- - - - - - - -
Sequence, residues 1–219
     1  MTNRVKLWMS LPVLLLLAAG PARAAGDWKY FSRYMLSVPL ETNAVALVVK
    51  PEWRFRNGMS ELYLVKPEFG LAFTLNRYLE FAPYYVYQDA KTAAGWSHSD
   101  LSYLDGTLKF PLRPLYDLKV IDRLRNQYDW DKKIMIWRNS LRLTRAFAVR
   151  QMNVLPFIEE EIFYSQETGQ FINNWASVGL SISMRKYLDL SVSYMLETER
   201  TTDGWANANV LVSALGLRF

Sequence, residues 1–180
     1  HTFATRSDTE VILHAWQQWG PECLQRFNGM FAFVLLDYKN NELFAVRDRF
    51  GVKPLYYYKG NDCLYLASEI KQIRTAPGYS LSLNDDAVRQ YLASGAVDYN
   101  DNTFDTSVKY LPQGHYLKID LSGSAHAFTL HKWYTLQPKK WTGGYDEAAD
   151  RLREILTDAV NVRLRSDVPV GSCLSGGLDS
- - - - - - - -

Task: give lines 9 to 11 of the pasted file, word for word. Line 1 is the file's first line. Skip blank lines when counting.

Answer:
    51  GVKPLYYYKG NDCLYLASEI KQIRTAPGYS LSLNDDAVRQ YLASGAVDYN
   101  DNTFDTSVKY LPQGHYLKID LSGSAHAFTL HKWYTLQPKK WTGGYDEAAD
   151  RLREILTDAV NVRLRSDVPV GSCLSGGLDS